Hello and welcome to the April newsletter from Orkney.com
This month we have plenty of features all focused on life in Orkney this spring. We have a news round-up, our wildlife highlights take centre stage and the Heart of Neolithic Orkney is included in our monthly area focus.
Open doors for hidden gem in Orkney
One of Orkney’s most popular tourist attractions has opened its doors early this year. The Scapa Flow Visitor Centre and Museum at Lyness has newly installed displays and interpretation boards with extra information on the Battle of Jutland and the sinking of HMS Hampshire. The centenary of both will be marked in Orkney this year. The museum at Lyness is a treasure trove of artefacts from Orkney’s wartime past and there is even a special trail to follow – make sure you pay it a visit before it closes again on the 31st of October.
Eclectic mix planned for landmark Festival
The St Magnus International Festival will be celebrating its fortieth birthday this year with its usual fantastic range of concerts, recitals and performances. This year’s programme will be launched on the 6th of April with highlights including a world premiere from the late Sir Peter Maxwell Davies and a visit from Stockholm Chamber Brass. The festival will be held across Orkney between the 16th and 26th of June. Find out more from the festival website.
Iconic poppies heading for St Magnus Cathedral
Final preparations are being made to transport thousands of ceramic poppies to Orkney as part of the latest installation of ‘Poppies: Weeping Window’. The display by artist Paul Cummins, presented by 14-18 NOW, will be unveiled at St Magnus Cathedral on the 22nd of April. The poppies will spill out from a window on the west side of the Cathedral to the Kirk Green below. It will be on show until the 12th of June as part of Orkney’s role in hosting the national commemoration of the Battle of Jutland. The poppies are from the installation ‘Blood Swept Lands and Seas of Red’, originally shown at the Tower of London in 2014.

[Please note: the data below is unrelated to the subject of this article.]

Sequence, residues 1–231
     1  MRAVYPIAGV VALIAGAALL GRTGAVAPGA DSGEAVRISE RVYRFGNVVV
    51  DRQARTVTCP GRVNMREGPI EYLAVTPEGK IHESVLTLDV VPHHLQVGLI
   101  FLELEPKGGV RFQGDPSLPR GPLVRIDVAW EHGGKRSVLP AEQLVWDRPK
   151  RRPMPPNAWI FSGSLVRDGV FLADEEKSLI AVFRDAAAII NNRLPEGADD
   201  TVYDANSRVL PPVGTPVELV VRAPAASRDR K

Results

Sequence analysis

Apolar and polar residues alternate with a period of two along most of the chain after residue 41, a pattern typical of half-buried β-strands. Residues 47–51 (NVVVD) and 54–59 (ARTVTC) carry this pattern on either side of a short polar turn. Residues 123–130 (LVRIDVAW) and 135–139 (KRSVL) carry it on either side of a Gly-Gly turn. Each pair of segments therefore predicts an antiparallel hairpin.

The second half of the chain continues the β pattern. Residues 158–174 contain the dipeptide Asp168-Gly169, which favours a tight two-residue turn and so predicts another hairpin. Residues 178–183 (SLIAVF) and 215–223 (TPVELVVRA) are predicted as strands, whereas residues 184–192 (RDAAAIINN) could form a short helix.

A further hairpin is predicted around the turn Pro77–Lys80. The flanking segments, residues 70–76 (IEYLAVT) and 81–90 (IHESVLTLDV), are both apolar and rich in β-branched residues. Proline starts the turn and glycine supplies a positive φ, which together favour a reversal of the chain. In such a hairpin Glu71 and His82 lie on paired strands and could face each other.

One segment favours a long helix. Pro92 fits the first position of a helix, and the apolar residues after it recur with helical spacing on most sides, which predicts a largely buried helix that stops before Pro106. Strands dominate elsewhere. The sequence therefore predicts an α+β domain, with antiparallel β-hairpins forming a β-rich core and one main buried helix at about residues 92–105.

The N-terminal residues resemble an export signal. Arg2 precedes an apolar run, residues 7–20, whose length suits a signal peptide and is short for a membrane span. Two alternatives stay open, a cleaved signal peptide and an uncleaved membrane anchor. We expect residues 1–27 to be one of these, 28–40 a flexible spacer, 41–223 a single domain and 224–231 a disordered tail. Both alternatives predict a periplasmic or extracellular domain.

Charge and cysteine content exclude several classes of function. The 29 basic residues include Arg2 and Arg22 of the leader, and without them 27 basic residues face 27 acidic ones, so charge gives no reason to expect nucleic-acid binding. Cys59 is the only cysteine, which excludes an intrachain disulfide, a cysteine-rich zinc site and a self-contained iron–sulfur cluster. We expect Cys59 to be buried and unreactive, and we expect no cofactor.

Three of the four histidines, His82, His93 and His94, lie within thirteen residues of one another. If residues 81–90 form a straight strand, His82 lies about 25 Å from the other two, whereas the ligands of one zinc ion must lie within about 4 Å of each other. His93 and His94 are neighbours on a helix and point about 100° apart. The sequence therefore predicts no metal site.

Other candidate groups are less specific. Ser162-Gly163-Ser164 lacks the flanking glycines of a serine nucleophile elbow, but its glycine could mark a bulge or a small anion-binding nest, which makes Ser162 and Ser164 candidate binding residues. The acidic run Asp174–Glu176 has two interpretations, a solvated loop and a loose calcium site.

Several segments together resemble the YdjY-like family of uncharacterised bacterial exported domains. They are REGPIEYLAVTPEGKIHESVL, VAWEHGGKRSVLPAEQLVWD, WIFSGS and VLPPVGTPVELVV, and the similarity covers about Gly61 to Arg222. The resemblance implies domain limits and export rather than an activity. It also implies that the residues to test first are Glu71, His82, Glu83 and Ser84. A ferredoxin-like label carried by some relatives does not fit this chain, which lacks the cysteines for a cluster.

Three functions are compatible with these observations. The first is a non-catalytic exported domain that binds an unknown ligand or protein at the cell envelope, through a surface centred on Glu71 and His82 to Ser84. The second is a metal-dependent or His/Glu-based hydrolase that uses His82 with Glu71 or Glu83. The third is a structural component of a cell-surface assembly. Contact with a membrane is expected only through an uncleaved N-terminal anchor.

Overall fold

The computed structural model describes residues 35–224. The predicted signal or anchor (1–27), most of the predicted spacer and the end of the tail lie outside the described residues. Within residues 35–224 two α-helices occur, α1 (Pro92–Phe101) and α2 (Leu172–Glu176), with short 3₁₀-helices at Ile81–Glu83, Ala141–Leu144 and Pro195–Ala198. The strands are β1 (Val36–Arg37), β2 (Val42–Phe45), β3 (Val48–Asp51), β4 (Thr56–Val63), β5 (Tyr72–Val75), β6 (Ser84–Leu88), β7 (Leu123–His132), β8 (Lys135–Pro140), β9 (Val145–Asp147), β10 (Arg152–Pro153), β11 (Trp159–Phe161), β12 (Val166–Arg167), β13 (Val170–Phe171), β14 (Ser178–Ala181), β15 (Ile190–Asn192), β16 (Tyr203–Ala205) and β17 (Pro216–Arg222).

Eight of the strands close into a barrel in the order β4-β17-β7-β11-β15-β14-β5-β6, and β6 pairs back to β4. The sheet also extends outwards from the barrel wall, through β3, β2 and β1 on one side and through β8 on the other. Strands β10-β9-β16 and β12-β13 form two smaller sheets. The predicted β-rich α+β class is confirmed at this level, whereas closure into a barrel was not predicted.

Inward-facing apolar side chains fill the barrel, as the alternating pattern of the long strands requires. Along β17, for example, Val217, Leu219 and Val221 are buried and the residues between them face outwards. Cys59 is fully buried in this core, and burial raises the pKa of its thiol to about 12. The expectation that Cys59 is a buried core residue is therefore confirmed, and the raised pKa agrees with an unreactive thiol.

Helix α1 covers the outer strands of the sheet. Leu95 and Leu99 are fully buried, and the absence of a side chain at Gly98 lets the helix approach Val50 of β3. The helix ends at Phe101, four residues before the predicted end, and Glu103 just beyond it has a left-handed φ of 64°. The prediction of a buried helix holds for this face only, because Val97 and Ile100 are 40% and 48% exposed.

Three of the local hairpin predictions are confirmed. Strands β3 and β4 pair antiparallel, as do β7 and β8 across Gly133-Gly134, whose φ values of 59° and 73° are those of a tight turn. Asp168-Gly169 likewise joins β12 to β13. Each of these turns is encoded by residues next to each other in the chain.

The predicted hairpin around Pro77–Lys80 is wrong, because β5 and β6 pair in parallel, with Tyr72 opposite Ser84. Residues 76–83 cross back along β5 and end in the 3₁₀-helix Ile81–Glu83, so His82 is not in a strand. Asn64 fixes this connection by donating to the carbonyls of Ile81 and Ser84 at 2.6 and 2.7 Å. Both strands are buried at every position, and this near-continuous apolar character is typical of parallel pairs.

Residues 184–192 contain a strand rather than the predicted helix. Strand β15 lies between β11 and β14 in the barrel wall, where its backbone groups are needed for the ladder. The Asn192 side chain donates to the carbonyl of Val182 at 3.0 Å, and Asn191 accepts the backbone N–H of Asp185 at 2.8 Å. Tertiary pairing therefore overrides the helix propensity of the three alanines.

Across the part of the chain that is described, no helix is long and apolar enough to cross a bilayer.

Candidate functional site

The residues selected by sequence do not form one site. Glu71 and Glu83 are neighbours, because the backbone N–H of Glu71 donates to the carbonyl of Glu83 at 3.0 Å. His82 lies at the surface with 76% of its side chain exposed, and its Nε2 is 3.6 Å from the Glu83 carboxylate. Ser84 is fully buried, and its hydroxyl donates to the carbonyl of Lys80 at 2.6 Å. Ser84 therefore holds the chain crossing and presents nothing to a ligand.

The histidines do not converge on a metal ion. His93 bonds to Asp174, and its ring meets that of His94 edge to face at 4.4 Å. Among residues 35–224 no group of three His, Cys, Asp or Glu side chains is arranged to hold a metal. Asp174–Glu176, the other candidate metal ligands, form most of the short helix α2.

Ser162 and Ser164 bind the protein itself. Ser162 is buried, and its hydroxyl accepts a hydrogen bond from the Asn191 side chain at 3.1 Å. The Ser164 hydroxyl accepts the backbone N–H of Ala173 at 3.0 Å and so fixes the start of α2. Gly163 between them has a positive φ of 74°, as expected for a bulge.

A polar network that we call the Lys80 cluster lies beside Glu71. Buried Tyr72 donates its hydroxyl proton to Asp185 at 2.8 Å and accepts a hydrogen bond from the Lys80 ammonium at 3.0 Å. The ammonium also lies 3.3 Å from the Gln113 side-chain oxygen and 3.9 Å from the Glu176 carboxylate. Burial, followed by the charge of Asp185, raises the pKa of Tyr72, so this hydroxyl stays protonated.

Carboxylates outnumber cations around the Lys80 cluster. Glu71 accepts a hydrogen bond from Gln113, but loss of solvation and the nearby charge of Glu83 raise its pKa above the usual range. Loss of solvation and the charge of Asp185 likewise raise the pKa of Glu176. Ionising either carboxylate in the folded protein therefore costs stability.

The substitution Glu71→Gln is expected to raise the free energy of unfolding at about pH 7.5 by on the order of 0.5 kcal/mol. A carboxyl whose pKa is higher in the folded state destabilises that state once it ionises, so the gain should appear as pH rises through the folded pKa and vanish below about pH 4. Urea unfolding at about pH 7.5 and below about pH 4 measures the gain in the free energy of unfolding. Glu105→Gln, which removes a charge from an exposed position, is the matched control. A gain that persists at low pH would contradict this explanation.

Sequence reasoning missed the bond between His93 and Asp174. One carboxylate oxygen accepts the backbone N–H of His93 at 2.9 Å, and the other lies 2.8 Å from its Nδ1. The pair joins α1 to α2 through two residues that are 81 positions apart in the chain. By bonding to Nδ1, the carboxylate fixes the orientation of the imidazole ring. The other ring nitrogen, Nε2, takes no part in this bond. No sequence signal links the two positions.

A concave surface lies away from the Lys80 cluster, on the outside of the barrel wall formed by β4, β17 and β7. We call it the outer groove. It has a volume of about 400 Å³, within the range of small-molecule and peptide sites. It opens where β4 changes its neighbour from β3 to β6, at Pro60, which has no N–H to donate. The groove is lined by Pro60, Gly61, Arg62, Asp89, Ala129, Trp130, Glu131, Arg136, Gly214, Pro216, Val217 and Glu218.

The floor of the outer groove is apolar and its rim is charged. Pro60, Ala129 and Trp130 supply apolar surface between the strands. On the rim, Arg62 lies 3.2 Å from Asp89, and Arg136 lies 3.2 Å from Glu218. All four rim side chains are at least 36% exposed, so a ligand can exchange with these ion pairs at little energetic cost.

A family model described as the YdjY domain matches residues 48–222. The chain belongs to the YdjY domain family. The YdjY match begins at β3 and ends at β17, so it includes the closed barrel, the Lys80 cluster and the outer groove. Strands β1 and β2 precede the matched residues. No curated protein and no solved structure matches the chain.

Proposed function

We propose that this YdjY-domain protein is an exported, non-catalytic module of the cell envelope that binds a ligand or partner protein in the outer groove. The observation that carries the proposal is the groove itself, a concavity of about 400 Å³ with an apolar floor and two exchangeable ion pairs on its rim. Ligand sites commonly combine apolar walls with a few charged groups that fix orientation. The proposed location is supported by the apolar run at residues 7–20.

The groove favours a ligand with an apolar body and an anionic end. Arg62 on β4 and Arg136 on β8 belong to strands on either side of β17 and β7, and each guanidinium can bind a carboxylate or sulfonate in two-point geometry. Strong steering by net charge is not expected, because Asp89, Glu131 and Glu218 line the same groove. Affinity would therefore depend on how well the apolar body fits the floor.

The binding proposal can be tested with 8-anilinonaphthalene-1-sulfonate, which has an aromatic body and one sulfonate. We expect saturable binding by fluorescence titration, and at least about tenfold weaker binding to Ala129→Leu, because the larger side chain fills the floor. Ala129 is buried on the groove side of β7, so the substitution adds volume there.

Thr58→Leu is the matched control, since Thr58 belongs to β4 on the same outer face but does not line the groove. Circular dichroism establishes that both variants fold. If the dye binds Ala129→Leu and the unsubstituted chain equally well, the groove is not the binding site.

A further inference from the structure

Get hands on with craft in Orkney
Come and get crafty this April with the very first Orkney Craft Festival. Titled ‘Laldie Haans’, the three day event will showcase some of the very best talent in the islands and further afield with tours, talks and workshops all planned. In total there are nearly fifty events across Orkney with subjects covered including knitting, origami, knot-work, Neolithic pottery, digital photography and much more. It will all get underway on the 29th of April - find out more via the Orkney Crafts Association website and from the Festival’s Facebook page.